Sommerville, C. John. The Decline of the Secular University. New York: Oxford University Press, 2006.
Chapter 4 “Trouble Eliminating Religion” pp. 47-59.
Sommerville points to educational challenges which relate to secularism, a removal of religion from all disciplines. However, he has not yet clarified what he means by “religion.” In Summerville’s paradigm it is not a system of creeds and dogmas. Those are normally present in religion, but Sommerville takes religion to be broader than that. He includes the idea of the traditional intellectual virtues to be included in religion. There may be numerous different religiously held philosophical points of view in academia. Not all are clearly religious sects (Sommerville 2006, 47). Sommerville treats as religious those questions which “elicit one’s ultimate concerns and commitments” (Sommerville 2006, 48). Because these are important questions they deserve exploration. However, he finds they are merely dismissed by academia, eve though many of the important trends in Western thought can be traced to religious, and often distinctly Christian, roots. Because so many ideas in the academic traditions are derived from Christianity, Sommerville suggests it would not be harmful to allow Christianity to speak in the academy.
Sommerville notes the alarm with which this idea is received. This alarm is often based on the fact that Christianity still thinks it has answers for this day, as opposed to being simply historically useful (Sommerville 2006, 49). Sommerville points out that while Christianity is not very helpful in developing data points and proof of events, it can b very illuminating as we try to interpret the significance of the evidence. This is the bulk of the work in many areas of academia (Sommerville 2006, 50). For the most part, the university population is pursuing disciplines which seek the human good. Therefore, they often work outside the realm of definitive proof. This allows room for debate about what human good actually is.
Religion, then, stands apart from secularism. Yet as we pursue a secular naturalism, we find less room “to express human values” (Sommerville 2006, 51). These expressions of human values are still needed and commonly used. Sommerville fears that removing those values from academia will simply drive more of a wedge between the academy and common life. Rather, he would like to see more of the diversity which is found by open discussion of ethical and value-laden topics. Sommerville further finds that Christians have typically been willing to discuss these issues with secularists but that the secularists have not been willing (Sommerville 2006, 52). Sommerville goes on to discuss the objections of postmodern pioneer Stanley Fish, who found secularists too closed-minded toward historic religions (Sommerville 2006, 52ff). Fish’s analysis concluded that the secularists were committed to analysis which discounts all traditional authority, while the Christians viewed traditional authority as something valuable and profitable (Sommerville 2006, 54). In sharp contrast to this pattern, Sommerville cites John Stuart Mill, who was a staunch secularist, but who urged education for training the will in moral and religious values (Sommerville 2006, 55).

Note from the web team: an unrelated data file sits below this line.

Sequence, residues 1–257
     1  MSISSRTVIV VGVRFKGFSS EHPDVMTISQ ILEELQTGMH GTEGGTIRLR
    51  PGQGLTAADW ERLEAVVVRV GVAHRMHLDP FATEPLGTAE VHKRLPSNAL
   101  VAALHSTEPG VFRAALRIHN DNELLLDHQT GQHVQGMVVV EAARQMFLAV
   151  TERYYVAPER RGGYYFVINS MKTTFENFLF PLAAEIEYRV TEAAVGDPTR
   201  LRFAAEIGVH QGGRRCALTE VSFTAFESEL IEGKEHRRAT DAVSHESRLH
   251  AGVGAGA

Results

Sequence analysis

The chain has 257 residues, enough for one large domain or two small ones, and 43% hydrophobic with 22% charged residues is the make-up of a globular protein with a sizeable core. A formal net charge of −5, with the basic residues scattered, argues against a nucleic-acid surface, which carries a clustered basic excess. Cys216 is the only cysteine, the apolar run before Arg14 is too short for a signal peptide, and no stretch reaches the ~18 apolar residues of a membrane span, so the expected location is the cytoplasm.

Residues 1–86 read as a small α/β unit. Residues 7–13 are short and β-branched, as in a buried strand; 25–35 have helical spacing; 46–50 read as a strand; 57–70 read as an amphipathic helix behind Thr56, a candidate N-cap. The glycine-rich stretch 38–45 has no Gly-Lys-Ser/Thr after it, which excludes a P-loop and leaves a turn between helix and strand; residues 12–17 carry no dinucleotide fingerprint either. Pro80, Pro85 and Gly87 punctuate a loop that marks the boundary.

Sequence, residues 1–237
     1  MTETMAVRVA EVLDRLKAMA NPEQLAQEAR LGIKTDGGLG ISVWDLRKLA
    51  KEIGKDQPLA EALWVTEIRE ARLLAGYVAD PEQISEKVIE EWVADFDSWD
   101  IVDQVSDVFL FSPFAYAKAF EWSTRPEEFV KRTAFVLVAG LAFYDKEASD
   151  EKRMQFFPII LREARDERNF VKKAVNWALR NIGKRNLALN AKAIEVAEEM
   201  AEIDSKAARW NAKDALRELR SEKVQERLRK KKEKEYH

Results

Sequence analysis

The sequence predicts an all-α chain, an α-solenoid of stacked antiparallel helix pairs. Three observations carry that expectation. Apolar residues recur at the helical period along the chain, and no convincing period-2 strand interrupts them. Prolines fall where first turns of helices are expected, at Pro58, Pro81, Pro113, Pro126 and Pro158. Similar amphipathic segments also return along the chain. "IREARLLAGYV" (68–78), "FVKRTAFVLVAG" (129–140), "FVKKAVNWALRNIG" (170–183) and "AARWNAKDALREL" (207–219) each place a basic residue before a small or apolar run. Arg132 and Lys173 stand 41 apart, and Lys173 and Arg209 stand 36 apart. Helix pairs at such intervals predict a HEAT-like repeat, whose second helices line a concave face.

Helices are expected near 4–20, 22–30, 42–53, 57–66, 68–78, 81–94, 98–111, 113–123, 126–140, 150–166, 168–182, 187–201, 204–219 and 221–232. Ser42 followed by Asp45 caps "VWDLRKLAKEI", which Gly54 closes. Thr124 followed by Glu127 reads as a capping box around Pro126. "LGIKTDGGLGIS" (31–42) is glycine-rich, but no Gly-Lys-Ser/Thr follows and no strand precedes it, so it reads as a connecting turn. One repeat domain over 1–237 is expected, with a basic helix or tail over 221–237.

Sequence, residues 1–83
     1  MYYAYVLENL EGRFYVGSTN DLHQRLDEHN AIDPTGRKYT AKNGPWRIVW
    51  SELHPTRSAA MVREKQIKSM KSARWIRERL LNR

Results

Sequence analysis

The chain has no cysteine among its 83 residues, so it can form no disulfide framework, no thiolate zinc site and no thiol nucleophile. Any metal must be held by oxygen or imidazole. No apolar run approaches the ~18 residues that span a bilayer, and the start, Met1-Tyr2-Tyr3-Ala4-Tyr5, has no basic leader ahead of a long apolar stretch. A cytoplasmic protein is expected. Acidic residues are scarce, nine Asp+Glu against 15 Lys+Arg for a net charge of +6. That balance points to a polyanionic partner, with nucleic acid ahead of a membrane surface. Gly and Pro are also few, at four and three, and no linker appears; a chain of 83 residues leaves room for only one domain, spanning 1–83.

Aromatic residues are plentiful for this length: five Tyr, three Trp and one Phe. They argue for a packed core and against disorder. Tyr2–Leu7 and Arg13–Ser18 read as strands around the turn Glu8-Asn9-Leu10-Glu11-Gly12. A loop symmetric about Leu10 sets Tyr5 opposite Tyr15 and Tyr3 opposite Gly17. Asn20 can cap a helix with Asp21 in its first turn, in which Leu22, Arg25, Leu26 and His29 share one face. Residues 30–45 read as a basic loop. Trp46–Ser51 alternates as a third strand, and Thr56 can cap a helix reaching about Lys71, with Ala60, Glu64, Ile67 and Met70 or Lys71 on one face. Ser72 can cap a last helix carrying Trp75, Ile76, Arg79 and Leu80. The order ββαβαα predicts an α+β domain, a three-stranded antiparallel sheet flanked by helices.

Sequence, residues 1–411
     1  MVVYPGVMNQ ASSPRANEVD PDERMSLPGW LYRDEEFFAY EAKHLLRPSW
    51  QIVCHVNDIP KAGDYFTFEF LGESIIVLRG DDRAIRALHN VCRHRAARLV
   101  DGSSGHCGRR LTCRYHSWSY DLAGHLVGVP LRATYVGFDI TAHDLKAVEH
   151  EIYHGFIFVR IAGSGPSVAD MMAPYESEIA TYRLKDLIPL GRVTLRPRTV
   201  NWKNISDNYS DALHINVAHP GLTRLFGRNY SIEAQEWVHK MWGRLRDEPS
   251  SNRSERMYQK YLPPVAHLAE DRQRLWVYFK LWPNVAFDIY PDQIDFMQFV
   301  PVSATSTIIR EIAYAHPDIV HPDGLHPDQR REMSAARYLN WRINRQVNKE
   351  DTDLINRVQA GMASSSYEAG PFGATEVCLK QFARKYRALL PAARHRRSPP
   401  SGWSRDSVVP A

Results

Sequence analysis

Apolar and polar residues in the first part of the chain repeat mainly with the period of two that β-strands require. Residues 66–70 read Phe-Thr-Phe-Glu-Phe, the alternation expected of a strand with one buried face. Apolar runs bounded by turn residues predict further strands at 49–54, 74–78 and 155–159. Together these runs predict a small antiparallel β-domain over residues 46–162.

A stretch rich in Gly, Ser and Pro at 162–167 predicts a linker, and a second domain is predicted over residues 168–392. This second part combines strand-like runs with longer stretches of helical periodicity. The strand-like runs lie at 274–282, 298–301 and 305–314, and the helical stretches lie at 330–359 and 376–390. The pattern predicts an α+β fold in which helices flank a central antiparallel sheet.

Because humans continue to think and speak in terms of values and morals, Sommerville concludes that there is an important role for religion in our research and discourse about the sciences and humanities (Sommerville 2006, 56). In history, the religious or moral value which has often held intellectual discourse together has been a concept of honor. “Honor depends on pride and class prejudice, being the focal point of a self-regarding value system. Scientists had to invest honor with an importance that makes strange reading today. It served its purpose in guaranteeing and enforcing scholarly standards when they were new and unfamiliar” (Sommerville 2006, 57). The codes of honor which could protect truth claims and prevent fabrication of evidence were very helpful in terms of guarding academic integrity, at least for some time. Sommerville suggests that the condes of honor may have been replaced, at least partly, by the assumption that intelligent people will abandon religious faith at an early age, then teach others to do so (Sommerville 2006, 57). This leaves a strong impression that religion is childish and useless. It also actively discourages teachers of religion from urging young people to pursue challenging intellectual topics (Sommerville 2006, 58). This weakens both the religious organization adn the academy.